Cohort 3 Leadership Extension
The whole team from Centralia College participated in the extension of Cohort 3 that focused in helping Change Agents improve their leadership skills.
Jump Down To: Activity Report
Leadership Accomplishments and Lessons Learned
- Use of active listening to ensure individuals feel heard and appreciated
- Increased awareness of personal Bolman and Deal leadership frames and expanded frames beyond personal frame preference
- Used of knowledge of Bolman and Deal leadership frames to adjust engagement with others
- Lead by example to provide a model for others
- Use of clear communication and consistent systems to provide information to others; taking time for thoughtful responses
- Understanding how to use servant leadership as a faculty leader
- Engage with colleagues who are student focused to share ideas learned in the project
- Self-awareness of personal leadership abilities
- Seen by others as a faculty leader and advocate for students, resulting in committee appointments
We presented a workshop on the rationale for examining course level data, and how it could be used to determine focal points for change in order to enhance student success. This workshop was primarily presented to members of the assessment committee who had agreed to have their data pulled in order to participate. We ended up inviting all faculty, and had several people attend who were not part of the assessment committee. We also invited our institutional researcher to answer questions about the process.
We accomplished many of our objectives. We began with a break-out session to list all the factors that can influence student success, then we determined which of those factors faculty might be able to positively affect. We then talked about how data could be used to help identify those factors in our courses. This "took the bullet out of the gun" (thanks Amanda for the term!) and allowed any hesitant participants to see this as a positive process.
Next, we showed data from our original data pull for Math and Teri did a great job of leading an open discussion of that data. "What do you notice?". Finally, we used a bit of time to show how easily the data can be manipulated with a pivot table and the slides supplied by Eric.
We wanted to have more time for our Institutional researcher to answer questions, however we had a bit of an unexpected turn during Teri's portion (see below).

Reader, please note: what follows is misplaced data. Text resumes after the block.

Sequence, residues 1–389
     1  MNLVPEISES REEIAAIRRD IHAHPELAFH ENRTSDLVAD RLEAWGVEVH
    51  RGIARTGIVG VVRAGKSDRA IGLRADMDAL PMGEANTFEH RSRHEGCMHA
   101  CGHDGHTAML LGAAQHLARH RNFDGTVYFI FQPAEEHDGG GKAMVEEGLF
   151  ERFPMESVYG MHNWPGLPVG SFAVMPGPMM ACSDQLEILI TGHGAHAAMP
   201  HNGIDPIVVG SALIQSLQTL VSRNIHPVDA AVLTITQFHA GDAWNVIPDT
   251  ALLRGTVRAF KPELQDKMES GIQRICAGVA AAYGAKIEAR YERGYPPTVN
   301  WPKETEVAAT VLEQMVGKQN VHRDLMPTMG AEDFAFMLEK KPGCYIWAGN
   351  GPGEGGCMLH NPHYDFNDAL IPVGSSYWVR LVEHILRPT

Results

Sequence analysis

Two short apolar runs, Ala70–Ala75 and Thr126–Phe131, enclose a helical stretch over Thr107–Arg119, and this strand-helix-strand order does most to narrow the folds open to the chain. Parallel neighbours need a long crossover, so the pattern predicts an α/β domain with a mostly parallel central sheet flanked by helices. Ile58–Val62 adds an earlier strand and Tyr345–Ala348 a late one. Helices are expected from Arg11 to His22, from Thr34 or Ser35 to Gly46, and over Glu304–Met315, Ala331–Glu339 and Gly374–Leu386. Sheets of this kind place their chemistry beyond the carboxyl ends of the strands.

Some changes we made from our initial plan - We decided to not invite admin, nor did we record the session, to allow for free and open discussion and questions. If we do a larger session like this in the future, I think that will be a good thing as well. No one questioned or seemed fearful of the process, but that could change in a larger group.
I have not yet heard any feedback from participants - we may need to do a short survey to ask how people felt about the information provided.
Overall we had a great plan, and it went really well. One thing that was interesting is that when Teri was presenting her data, all of the sudden people were examining it and trying to "fix" or find the root cause of the issues. "Have you looked at the data before and after common core math". "Have you looked at how this might be related to how many students are entering at different levels", etc.
At the time, I think we all were a bit frustrated that that was using up time and we ran out of time to show the pivot tables - Teri was very gracious and there were some good conversations around the math program, though. In retrospect, I think we could leverage this into a conversation about how we can look at data in this way, and even when there are negatives, NOT ONE PERSON pointed at Teri and said "see, you are not doing your job". So, if we as faculty can look at other people's data in an objective way and help come up with ways to improve it, we can certainly look at our own data without fear of retribution.